In summary, even though the last data used are from 2021, the book gives an overview of the post-transition state of the observed countries, and more or less analyzes the consequences of the economic crisis in 2008, the recovery after that and the renewed crisis caused by the pandemic. The book might serve as a basis for further analysis and its importance and relevance are unquestionable, however it also has some weaker points. As the last wave of the pandemic is not included, it needs to be updated. The middle-income trap is not even mentioned in most chapters. The conclusion of the book as well as the main message is somehow missing, lacking a summary of all previous chapters to get a clearer and more meaningful picture. The huge amount of information leads to saturation, and in this way, the book is diluted and there is an absence of any focus on the essentials. It would have been better to focus only on the last, Covid-induced crisis, without merging it with the GFC. In addition, there are differences in the writing between the authors, but this has its positive and negative sides. On the positive side, one could notice the breadth of the approach, and on the negative side, one could state the lack of uniformity regarding the time frame and the focus on the main topic.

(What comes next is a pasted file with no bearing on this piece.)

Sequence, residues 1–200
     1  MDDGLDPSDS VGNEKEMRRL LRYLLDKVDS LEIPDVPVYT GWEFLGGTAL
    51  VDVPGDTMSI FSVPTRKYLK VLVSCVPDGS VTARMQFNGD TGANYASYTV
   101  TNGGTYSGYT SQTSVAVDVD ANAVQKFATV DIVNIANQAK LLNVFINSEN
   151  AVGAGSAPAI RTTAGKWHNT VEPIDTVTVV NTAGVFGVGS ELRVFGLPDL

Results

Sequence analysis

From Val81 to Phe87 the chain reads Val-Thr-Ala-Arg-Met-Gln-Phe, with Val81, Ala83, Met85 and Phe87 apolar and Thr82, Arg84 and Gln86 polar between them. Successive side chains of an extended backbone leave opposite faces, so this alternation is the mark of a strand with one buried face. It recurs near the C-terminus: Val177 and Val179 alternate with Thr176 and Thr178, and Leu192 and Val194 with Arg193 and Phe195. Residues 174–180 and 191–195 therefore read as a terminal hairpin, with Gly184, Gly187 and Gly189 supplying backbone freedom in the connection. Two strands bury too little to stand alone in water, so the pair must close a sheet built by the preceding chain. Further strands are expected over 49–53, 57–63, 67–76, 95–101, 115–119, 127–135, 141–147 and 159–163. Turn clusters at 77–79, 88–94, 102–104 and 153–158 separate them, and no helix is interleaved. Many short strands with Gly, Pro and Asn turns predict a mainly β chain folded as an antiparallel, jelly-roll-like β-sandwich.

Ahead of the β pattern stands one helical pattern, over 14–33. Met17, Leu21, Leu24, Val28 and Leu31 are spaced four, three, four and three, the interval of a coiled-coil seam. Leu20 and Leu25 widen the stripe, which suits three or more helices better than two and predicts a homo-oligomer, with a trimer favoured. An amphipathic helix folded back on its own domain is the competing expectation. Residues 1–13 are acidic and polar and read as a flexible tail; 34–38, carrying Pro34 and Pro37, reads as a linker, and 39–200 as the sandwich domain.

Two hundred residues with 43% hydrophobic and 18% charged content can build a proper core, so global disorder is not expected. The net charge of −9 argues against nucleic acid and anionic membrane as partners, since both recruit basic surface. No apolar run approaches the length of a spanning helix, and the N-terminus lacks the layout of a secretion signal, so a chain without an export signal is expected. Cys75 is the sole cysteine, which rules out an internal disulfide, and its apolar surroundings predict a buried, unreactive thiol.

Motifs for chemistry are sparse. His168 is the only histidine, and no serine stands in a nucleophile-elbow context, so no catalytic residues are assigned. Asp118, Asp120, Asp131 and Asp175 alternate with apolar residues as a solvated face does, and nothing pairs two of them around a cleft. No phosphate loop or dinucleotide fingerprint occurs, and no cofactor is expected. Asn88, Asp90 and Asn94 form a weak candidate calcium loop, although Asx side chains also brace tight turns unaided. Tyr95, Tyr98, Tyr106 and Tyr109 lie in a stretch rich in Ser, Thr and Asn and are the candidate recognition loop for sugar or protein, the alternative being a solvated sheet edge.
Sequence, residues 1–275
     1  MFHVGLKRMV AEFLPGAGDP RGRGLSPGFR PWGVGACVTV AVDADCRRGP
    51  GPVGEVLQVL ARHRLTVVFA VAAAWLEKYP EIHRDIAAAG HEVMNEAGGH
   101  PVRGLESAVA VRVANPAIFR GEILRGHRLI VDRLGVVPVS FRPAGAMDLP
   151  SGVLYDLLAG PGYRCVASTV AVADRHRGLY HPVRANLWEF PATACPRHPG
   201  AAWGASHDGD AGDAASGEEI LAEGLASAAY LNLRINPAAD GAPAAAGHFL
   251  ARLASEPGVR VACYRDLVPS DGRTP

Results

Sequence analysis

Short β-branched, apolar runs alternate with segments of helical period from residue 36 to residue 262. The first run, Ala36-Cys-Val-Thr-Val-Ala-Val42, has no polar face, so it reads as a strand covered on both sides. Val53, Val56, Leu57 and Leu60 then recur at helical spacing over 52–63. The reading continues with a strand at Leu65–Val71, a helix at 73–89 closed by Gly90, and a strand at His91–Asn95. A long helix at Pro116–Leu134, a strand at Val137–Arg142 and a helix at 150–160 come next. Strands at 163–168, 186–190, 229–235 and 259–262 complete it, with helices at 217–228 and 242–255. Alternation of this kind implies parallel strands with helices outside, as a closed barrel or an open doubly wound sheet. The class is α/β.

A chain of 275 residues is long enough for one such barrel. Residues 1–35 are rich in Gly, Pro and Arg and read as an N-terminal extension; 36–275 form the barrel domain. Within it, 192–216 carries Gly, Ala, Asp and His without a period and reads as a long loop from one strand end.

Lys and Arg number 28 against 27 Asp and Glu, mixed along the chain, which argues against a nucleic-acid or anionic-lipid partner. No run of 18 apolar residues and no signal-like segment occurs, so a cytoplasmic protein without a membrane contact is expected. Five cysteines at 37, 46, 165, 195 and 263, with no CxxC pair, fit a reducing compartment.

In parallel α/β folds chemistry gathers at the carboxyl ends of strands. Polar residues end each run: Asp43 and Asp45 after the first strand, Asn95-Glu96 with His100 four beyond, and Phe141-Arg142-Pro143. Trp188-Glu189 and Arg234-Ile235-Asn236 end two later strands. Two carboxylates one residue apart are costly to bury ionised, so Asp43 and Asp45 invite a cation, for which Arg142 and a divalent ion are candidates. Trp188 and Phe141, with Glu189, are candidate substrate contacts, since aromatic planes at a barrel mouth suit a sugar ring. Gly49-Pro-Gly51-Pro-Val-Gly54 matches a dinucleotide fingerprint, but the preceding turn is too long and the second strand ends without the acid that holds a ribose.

The authors made a huge effort to clarify the Covid crisis and its impact on the observed EEEs, contributing to the understanding of the macroeconomic aspects, and the book might help policy decision-makers to clarify their doubts and help them in making informed and useful political decisions based on relevant research.
Mátyás, L. (ed.), 2022. Emerging European economies after the pandemic: stuck in the middle income trap? Springer Nature Switzerland, pp. 610